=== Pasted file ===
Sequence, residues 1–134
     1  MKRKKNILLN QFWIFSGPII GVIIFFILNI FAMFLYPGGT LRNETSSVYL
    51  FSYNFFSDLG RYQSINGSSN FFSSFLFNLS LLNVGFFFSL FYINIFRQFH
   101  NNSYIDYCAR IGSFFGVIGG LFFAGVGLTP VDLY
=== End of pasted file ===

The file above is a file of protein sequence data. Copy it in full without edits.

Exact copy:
Sequence, residues 1–134
     1  MKRKKNILLN QFWIFSGPII GVIIFFILNI FAMFLYPGGT LRNETSSVYL
    51  FSYNFFSDLG RYQSINGSSN FFSSFLFNLS LLNVGFFFSL FYINIFRQFH
   101  NNSYIDYCAR IGSFFGVIGG LFFAGVGLTP VDLY